Her mother may have also helped inspire “The Fountain of Age.” Miriam, who died a few years ago at age 90, having survived three husbands, lived an active retired life at Leisure World in Laguna Hills, until her doctor advised her at age 87 to step down from directing bridge games. “Too much stress,” Friedan says. Her mother went rapidly downhill after that, and when her children finally had to put her in a nursing home, she died six weeks later. Friedan doesn’t believe it was just old age. “Better to have the stress and take the risk,” she says, and it’s a theme throughout her book.

With her mother’s prodding, Friedan went into journalism, eventually moving to New York City to work for a news service and then for labor newspapers. She rented a kitchenless basement apartment on West 86th Street and met Carl Friedan. Seven months later, they married.

Carl went into advertising, and the couple eventually moved to suburban Rockland County. They had three children, Daniel, 44, a physicist; Jonathan, 40, an engineer, and Emily, 36. Pregnant with Jonathan, Friedan was fired from her job, and it was almost a relief. She no longer had to fight her mother’s fate; she could embrace it, listing her occupation as “housewife.” In 1957, she began designing what should have been routine questionnaires for her 15-year Smith College reunion; thinking she might write a magazine article, she expanded them to examine more deeply the experiences and feelings of her fellow alumnae. The response from these well-educated, ostensibly happy housewives had an “Is that all there is?” ring, and Friedan began considering that there was, as she’d dub it in “The Feminine Mystique,” a “problem that had no name.” Yet.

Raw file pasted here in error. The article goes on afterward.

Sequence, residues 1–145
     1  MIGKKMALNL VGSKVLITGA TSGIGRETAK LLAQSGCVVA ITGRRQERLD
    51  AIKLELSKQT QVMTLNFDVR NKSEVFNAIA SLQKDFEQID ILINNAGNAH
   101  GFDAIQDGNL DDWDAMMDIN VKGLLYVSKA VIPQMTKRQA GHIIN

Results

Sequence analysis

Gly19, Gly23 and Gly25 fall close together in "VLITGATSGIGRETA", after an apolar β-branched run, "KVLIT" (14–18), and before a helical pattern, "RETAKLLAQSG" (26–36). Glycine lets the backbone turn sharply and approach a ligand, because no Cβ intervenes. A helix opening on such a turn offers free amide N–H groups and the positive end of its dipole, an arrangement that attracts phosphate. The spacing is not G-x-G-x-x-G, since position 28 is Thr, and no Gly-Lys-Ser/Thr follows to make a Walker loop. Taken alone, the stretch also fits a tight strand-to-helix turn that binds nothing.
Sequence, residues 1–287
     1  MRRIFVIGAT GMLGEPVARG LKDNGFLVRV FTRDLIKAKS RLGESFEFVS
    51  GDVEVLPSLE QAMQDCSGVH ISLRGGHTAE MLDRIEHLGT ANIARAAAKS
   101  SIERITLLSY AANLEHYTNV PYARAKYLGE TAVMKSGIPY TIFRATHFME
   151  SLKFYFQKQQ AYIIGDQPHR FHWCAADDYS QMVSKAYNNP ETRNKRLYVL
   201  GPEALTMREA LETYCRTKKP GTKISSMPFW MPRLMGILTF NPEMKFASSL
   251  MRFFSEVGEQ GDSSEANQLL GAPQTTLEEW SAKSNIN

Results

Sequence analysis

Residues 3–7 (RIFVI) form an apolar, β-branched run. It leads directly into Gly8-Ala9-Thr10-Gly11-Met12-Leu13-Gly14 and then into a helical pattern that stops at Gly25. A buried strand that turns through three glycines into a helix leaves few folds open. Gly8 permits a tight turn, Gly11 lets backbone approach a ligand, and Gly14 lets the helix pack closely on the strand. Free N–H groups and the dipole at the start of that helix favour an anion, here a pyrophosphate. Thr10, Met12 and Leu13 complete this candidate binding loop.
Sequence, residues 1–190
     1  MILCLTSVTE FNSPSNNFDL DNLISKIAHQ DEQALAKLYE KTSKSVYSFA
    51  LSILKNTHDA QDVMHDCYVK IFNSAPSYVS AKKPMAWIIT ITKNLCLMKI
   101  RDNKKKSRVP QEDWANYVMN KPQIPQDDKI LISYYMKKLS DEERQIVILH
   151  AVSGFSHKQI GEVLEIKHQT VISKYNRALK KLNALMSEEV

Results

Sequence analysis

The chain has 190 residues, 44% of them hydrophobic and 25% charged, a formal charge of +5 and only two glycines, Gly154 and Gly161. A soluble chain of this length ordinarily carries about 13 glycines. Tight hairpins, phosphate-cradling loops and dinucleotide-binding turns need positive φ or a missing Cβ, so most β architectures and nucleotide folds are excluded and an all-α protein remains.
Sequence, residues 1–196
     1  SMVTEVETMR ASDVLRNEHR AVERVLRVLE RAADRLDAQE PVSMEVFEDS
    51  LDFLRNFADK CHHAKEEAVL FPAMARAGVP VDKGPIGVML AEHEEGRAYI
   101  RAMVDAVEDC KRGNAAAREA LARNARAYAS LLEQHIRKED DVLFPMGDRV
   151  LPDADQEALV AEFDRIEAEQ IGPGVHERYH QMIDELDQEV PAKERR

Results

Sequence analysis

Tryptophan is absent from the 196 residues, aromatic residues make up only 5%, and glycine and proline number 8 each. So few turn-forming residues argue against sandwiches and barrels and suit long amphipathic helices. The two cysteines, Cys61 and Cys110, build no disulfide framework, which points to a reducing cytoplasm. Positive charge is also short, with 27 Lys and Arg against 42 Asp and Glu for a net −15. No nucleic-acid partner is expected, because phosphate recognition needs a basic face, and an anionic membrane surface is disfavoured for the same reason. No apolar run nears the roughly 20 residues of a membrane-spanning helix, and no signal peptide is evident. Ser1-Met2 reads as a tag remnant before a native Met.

She started the book in the New York Public Library and finished it on her dining room table while the kids were at school. “It was like secret drinking in the morning,” she says. Friedan admits there may have been a little “benign neglect” of the youngsters while she labored away for five years, and the still-mystiqued ladies of Rockland County ostracized her for things like hiring a taxi when she was too busy to take her turn carpooling. But “I enjoyed being a mother,” she says, glancing fondly toward the kitchen where Emily, here with her family on their semi-annual visit, is preparing gazpacho. “And the proof of the pudding is that all three children are doing well in love and well in work. And they are wonderful parents themselves. That’s the most you can ask for.”

“The Feminine Mystique” sold more than 60,000 hardcover copies, and more than 2,320,000 paperbacks are in print. As her career took off, her marriage ran aground. After the divorce, ending more than 20 tumultuous years, Carl Friedan blasted his ex in an interview, claiming she “never washed 100 dishes during 20 years of marriage” and that his new wife made chicken soup and shined his shoes. Friedan laughed and replied, “All I can say is, to each her own. I’m so mechanically inept, I can barely shine my own shoes.”